Decreased functional T lymphocyte-mediated cytokine responses in patients with chemotherapy-induced neutropenia

Authors

  • L. Öhrmalm,

    Corresponding author
    1. Department of Medicine, Solna, Infectious Diseases Unit, Center for Molecular Medicine, Karolinska Institutet, Karolinska University Hospital, Stockholm, Sweden
    • Correspondence: Lars Öhrmalm, Center for Molecular Medicine, Infectious Diseases Unit, L8:01, Karolinska University Hospital, Solna, SE-171 76 Stockholm, Sweden.

      (fax: +46-8 51776182; e-mail: lars.ohrmalm@ki.se).

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  • C. Smedman,

    1. Division of Infectious Diseases, Department of Medicine, Karolinska Institutet, Stockholm, Sweden
    2. Mabtech AB, Nacka Strand, Sweden
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  • M. Wong,

    1. Department of Medicine, Solna, Infectious Diseases Unit, Center for Molecular Medicine, Karolinska Institutet, Karolinska University Hospital, Stockholm, Sweden
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  • K. Broliden,

    1. Department of Medicine, Solna, Infectious Diseases Unit, Center for Molecular Medicine, Karolinska Institutet, Karolinska University Hospital, Stockholm, Sweden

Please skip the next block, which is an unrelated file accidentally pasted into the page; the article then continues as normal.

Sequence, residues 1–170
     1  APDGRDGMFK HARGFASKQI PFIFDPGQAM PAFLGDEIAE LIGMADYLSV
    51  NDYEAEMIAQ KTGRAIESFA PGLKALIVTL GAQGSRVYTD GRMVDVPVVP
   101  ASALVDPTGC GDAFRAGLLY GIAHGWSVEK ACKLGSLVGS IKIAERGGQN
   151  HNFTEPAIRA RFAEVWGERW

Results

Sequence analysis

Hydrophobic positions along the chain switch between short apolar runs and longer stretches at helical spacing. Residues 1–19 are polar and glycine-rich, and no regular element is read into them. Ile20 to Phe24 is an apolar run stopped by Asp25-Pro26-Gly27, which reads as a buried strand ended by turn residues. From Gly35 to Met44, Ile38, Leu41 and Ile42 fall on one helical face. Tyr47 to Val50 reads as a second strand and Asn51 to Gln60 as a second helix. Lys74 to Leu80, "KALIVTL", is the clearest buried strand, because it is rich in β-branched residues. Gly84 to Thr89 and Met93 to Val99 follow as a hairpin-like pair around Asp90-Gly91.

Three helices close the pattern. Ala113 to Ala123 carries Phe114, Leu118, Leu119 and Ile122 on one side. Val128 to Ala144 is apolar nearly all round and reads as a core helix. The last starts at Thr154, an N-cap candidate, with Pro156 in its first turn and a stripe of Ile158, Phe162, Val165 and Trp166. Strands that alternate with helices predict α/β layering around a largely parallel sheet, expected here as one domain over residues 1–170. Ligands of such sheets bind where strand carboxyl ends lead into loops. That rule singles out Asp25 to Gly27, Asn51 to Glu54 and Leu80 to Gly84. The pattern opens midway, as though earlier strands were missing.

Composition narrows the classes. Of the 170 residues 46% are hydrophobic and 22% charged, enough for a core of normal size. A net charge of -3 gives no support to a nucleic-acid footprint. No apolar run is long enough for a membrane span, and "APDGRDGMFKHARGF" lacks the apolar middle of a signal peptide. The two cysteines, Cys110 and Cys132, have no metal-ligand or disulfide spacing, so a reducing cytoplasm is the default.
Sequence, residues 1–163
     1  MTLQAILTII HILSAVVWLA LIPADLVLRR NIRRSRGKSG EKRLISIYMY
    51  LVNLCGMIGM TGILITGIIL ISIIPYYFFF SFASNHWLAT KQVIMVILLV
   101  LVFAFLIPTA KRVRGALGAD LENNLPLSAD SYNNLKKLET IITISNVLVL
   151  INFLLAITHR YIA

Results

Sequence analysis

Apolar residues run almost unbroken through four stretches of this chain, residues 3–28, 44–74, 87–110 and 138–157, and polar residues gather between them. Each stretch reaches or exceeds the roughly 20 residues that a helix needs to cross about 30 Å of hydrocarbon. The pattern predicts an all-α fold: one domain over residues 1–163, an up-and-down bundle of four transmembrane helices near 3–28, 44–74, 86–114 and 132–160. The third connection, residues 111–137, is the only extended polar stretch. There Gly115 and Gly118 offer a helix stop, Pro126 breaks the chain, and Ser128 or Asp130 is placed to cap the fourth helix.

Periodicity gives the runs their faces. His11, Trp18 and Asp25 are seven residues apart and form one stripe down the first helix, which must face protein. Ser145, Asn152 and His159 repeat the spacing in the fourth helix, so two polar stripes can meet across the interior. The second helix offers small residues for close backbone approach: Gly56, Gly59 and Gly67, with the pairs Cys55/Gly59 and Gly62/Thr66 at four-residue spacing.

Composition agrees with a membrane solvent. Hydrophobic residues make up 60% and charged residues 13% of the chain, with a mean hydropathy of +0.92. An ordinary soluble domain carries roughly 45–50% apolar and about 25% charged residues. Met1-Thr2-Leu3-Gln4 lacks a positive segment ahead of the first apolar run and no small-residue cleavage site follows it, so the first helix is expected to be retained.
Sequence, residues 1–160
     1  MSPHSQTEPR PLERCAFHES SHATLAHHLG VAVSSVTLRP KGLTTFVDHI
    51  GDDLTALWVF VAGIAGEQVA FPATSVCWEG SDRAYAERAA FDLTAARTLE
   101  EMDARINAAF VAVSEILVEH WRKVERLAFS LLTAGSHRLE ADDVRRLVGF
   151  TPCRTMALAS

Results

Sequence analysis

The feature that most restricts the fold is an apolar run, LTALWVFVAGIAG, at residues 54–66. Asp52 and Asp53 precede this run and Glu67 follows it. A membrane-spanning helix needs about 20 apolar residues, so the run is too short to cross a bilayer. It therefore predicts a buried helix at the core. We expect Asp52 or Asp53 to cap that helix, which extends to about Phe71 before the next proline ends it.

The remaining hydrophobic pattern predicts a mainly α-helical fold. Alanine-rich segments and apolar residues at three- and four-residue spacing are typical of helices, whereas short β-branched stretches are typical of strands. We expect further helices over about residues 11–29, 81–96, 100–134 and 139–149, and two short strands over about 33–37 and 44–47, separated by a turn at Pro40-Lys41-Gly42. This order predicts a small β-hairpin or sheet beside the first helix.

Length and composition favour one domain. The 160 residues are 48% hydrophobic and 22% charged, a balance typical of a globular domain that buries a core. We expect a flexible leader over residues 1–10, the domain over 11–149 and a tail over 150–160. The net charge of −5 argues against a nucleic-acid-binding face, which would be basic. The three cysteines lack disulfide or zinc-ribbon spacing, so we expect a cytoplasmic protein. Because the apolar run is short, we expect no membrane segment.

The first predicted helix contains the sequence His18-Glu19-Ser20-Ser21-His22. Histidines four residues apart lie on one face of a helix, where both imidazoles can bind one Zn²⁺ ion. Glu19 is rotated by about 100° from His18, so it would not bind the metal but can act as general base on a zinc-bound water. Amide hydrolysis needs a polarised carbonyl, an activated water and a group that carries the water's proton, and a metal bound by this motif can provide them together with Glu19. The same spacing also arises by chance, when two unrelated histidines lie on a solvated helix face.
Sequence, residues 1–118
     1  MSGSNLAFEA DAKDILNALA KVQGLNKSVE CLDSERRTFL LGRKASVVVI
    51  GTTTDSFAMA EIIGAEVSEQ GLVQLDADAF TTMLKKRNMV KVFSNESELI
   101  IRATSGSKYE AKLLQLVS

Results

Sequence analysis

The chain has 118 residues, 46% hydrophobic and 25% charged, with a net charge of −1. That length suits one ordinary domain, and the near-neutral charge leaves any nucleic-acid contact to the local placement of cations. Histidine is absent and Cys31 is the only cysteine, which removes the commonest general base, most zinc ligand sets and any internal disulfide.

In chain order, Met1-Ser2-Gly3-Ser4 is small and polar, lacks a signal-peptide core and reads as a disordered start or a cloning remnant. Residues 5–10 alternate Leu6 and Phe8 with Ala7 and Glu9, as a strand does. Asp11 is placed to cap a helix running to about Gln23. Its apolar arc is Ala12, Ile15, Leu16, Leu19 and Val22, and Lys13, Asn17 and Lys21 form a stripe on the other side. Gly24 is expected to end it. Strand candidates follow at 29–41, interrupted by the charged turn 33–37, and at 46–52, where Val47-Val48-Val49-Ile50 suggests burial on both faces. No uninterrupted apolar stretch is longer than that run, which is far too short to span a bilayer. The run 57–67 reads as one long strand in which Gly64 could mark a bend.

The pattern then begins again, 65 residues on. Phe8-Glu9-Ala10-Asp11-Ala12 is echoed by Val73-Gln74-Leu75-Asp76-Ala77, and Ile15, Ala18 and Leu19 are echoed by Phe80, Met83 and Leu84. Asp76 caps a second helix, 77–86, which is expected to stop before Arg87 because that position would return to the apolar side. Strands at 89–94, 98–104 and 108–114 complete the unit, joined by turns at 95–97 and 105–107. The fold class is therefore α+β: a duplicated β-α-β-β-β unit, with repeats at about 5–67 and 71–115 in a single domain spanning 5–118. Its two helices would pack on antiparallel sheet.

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  • T. Tolfvenstam,

    1. Department of Medicine, Solna, Infectious Diseases Unit, Center for Molecular Medicine, Karolinska Institutet, Karolinska University Hospital, Stockholm, Sweden
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  • O. Norbeck

    1. Department of Medicine, Solna, Infectious Diseases Unit, Center for Molecular Medicine, Karolinska Institutet, Karolinska University Hospital, Stockholm, Sweden
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Abstract

Objectives

The degree of immunosuppression in patients with haematological malignancies treated with chemotherapy is routinely measured as number of circulating cells (preferable neutrophils) in peripheral blood. A parallel decline in the number of T cells is expected, but a possible alteration in their functionality has been less well explored. The ability of T cells to secrete more than one cytokine simultaneously is known to indicate protective immunity. The aim of this study was to determine whether the function of circulating T cells is altered in patients with chemotherapy-induced neutropenia.

Design, setting and subjects

In this cross-sectional study, we used the FluoroSpot assay to investigate the proportion of T cells secreting either interferon-γ or interleukin-2, or both cytokines simultaneously, after anti-CD3 stimulation. Peripheral blood mononuclear cells from 53 adult patients with chemotherapy-induced neutropenia and 20 healthy individuals were investigated.

Results

There were significantly fewer T cells secreting interferon-γ in patients with neutropenia compared with healthy control subjects (= 0.02), but the difference was greatest for dual cytokine-secreting T cells (= 0.001). Furthermore, the amount of secreted cytokine per T cell appeared to be reduced in patients, compared with control subjects.

Conclusion

Our results suggest that the functionality of T cells is altered in patients with haematological malignancies with chemotherapy-induced neutropenia. In parallel with a decline in T cell count, this may further increase the risk of severe infections.

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